When Should I Winterize My Sprinkler System?

The reason that winterization is so important is that during an extended cold spell, which is a minimum of three days below 32º Fahrenheit, the ground your sprinklers are set in will freeze. This means any water trapped inside the pipes or sprinkler heads will also freeze. When water freezes, it expands. Over time, this causes cracks in your system, which can lead to leaks, burst heads, and expensive repairs.

So, the best time to winterize your system is before the first extended cold snap of the year. For most people, this means sometime during the late fall but varies depending on your climate. If your area frequently sees early frosts, it is a good idea to winterize early, while climates that do not see a freeze until later in the year can often wait a few weeks longer.

If you live in a warm climate that does not experience a ground freeze, there is no need of winterization. You may still want to have it blown out and inspected once a year anyway to make sure it is in good working order.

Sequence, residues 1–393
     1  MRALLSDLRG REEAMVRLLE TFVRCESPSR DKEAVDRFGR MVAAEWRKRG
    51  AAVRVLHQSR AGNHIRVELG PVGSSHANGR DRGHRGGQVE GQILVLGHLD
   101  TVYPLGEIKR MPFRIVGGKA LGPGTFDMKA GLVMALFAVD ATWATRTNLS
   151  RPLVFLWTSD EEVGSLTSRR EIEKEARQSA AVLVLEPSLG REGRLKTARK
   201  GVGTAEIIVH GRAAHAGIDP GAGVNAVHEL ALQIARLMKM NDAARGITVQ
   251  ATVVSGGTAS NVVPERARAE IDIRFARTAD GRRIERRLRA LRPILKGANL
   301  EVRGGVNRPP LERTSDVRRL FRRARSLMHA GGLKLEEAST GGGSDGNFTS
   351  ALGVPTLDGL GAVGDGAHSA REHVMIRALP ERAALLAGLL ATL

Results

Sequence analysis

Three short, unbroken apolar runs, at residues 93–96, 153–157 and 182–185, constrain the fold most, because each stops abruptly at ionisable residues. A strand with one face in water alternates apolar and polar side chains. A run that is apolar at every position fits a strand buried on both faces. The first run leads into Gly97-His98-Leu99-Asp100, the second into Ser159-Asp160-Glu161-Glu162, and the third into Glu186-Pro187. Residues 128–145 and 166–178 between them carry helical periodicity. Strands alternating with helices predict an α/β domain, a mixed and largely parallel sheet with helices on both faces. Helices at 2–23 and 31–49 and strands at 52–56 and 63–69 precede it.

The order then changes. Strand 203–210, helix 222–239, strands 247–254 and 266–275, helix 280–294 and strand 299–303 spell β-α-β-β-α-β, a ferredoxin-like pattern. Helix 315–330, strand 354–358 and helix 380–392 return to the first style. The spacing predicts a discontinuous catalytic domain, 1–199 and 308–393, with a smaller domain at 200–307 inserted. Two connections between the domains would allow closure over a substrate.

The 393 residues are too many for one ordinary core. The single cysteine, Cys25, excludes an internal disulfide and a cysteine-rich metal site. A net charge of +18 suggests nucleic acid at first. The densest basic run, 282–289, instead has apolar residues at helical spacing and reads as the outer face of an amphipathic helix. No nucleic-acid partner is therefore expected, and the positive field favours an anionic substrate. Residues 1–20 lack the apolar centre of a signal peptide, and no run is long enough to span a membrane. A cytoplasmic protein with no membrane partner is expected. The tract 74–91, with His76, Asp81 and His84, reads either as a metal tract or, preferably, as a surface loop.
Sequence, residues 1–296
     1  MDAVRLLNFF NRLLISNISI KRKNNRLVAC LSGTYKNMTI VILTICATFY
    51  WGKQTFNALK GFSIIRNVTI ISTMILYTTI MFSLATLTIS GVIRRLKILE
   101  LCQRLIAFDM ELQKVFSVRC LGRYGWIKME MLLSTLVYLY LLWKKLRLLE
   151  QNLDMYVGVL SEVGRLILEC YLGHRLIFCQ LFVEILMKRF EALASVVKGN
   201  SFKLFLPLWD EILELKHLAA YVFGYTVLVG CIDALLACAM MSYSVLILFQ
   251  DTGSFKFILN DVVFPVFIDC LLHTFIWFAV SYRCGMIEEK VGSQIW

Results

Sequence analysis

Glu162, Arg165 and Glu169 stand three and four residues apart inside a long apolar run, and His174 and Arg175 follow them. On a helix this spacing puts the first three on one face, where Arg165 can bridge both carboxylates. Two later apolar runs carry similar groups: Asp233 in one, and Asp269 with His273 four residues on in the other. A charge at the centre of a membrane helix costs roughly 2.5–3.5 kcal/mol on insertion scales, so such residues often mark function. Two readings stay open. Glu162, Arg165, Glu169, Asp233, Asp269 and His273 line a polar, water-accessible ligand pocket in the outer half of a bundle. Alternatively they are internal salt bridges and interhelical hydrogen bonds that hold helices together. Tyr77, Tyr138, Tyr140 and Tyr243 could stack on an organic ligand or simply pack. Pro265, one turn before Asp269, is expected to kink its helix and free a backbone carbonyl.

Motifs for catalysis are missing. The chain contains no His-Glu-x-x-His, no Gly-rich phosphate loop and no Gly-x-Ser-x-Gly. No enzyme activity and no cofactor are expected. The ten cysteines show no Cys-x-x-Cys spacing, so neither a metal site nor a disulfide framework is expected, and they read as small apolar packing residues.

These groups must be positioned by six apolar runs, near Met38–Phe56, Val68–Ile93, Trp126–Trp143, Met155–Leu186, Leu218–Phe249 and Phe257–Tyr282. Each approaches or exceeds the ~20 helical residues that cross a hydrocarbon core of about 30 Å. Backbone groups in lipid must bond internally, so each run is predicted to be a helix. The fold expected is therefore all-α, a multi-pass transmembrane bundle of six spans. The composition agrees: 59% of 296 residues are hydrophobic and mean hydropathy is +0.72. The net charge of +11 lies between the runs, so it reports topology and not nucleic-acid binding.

Sprinkler System Activation

To get your system ready in the spring, most simply need to be turned on and have the water supply valve opened. The activation occurs at the end of the winter. It involves turning it back on and doing a tune-up to make sure everything is working properly. The cost for activation is generally about $40 to $150. The water is turned back on slowly so that pipes do not burst from a water surge. There will also be cleaning and inspection of all moving parts and each zone, which will be included in the activation price. The heads will be straightened and raised, the electrical system tested, pressure checks done, and the timer will be reset for the correct watering schedule. Any broken or worn parts will be replaced, costing between $1 and $3 per foot of pipe and $1 to $8 per connecting piece, including installation. The sprinkler lines will also need to be cleared of any debris or rodent nesting, which could result in an additional cost of $50 to $200. If your system requires more than this to get going, such as tuning the heads, inspecting the pipes, and setting the controls most companies complete this for between $75 and $150.

Professional Turning On a Sprinkler

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Enhancement and Improvement Costs

Self-Draining Systems

When installing a sprinkler system, it is possible to have a self-draining system installed. It allows the water in the pipes to drain naturally down a slope. However, it is still possible for water to collect in the low-lying areas, which could still freeze. It is recommended, therefore, that you have your self-draining system inspected if you choose not to have it blown out. This generally costs between $40 and $75.

Additional Considerations and Costs